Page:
|Thrum-eyed Primula. 6 February, 2014|
In the thrum-eyed form the female organs cannot be seen as they are situated half way down the corolla tube.
|Pin-eyed Primula. 6 February, 2014|
In the pin-eyed form the situation is reversed: the female stigma, looking like a drumstick, clearly protrudes from the mouth of the corolla tube; the male organs cannot be seen.
Ideally a visiting insect will go to a thrum-eyed flower first and receive a dusting of pollen from the male organs. It will go on to a female flower and deposit pollen on the sticky stigma and pollination is achieved.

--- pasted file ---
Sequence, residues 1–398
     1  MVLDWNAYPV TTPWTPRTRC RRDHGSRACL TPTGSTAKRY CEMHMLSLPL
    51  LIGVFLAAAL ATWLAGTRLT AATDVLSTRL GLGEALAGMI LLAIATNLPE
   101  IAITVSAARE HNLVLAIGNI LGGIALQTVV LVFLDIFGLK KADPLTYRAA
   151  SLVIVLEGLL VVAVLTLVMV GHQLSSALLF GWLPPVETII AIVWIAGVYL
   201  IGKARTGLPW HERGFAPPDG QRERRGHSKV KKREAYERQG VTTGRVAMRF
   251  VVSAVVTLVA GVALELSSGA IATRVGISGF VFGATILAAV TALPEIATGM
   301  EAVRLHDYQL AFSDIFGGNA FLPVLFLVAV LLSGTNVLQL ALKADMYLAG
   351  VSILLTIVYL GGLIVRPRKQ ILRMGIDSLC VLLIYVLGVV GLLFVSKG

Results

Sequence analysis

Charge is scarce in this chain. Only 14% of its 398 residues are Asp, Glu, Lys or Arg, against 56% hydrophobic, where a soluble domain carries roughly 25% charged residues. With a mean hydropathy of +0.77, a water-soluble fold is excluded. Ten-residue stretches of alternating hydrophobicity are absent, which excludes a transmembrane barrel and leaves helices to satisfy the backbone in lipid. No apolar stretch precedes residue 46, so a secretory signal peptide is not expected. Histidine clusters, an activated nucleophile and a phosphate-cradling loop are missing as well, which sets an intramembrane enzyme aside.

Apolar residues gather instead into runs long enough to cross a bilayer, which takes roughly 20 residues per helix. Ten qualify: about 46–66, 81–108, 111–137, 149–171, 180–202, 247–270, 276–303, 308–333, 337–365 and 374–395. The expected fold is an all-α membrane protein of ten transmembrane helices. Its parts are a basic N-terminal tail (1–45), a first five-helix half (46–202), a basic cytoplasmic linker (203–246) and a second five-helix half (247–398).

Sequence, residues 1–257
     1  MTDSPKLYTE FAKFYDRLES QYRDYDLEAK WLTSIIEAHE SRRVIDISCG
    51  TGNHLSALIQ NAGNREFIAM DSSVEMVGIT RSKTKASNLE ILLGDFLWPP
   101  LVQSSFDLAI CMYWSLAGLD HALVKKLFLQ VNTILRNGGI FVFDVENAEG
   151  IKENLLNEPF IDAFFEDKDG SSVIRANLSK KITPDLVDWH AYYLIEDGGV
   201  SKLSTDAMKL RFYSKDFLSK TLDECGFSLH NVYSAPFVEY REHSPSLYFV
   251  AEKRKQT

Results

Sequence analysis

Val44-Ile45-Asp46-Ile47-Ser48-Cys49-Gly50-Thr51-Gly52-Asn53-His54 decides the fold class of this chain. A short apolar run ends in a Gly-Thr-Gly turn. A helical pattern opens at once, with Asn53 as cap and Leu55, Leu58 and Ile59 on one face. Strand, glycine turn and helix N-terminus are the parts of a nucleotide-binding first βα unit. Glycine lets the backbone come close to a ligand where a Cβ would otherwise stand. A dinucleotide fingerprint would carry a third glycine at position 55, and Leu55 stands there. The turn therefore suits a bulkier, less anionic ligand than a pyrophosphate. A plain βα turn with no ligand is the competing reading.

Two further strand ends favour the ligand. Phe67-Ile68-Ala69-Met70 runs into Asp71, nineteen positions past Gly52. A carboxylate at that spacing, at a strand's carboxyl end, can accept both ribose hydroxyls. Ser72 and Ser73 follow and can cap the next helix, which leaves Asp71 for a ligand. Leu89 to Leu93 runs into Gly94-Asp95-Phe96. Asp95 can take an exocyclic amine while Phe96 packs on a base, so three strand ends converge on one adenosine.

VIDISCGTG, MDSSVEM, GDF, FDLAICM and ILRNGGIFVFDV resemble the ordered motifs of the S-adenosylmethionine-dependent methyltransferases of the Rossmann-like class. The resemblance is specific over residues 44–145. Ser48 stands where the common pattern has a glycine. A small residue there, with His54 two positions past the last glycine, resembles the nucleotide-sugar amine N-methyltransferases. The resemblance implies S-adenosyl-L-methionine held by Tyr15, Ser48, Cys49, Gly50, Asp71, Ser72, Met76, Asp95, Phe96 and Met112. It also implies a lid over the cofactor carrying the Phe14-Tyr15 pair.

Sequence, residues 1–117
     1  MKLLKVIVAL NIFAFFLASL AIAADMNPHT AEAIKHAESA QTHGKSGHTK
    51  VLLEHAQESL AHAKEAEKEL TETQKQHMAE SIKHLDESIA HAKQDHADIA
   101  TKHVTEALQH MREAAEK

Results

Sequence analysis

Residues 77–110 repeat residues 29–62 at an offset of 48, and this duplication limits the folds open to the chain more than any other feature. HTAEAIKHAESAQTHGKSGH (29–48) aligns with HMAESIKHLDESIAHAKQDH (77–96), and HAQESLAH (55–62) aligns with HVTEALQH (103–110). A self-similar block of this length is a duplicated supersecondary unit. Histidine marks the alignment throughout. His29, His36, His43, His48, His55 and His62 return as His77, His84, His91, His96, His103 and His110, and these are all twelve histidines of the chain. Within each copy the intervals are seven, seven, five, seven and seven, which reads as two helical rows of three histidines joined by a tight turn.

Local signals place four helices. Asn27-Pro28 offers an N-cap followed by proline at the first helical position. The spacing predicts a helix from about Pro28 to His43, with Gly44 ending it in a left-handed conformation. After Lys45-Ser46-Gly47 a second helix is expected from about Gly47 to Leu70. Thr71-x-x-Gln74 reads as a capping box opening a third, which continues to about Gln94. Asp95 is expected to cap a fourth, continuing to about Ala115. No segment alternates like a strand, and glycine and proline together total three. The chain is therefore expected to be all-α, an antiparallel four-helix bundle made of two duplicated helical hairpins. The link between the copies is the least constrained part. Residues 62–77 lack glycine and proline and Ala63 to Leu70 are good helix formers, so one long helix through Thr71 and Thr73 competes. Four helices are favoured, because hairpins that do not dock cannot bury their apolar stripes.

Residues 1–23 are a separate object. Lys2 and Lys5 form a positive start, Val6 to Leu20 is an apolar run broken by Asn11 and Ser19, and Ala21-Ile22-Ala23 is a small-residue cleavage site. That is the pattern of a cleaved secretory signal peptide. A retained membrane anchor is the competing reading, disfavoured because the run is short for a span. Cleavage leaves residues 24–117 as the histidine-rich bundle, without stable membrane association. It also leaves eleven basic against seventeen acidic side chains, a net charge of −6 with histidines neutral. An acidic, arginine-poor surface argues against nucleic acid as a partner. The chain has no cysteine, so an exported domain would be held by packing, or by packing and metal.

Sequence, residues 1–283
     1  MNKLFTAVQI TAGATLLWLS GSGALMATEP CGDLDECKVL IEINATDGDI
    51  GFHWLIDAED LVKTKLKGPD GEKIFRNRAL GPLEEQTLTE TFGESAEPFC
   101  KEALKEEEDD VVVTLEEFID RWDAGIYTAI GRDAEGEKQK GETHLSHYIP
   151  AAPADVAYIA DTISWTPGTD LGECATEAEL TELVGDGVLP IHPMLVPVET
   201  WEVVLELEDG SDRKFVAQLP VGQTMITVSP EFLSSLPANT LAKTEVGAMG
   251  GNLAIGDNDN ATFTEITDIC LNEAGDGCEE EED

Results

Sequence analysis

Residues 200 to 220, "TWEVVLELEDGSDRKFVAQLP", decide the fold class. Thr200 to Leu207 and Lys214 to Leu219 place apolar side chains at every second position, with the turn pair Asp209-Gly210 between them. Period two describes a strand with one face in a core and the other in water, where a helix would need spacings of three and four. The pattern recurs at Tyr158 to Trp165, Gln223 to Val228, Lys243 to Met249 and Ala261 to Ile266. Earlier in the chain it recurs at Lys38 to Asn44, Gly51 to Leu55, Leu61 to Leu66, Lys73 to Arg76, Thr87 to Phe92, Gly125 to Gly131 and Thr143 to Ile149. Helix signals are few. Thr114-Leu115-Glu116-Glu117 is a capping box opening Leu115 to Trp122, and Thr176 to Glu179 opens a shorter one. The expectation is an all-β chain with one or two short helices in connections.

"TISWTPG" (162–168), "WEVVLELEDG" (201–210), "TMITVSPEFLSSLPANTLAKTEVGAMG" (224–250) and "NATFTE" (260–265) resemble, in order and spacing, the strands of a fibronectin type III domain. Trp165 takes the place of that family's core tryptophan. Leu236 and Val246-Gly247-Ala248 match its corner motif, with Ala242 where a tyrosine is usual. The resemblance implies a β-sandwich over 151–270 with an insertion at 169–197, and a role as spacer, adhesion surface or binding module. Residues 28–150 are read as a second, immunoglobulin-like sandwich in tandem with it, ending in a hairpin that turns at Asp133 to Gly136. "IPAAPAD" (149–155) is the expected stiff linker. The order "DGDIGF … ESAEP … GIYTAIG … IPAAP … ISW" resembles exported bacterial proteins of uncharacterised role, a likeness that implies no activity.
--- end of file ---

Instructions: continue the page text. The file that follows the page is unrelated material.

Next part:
The object of the exercise is, of course, to try and ensure cross-pollination. Although our wild Primrose, Primula vulgaris, is far less common than a century ago it is still abundant in places, testimony to the success of this arrangement. All our other native primulas - Bird's Eye Primrose (Primula farinosa), Oxlip (Primula elatior) and Cowslip, (Primula veris) have similar arrangements.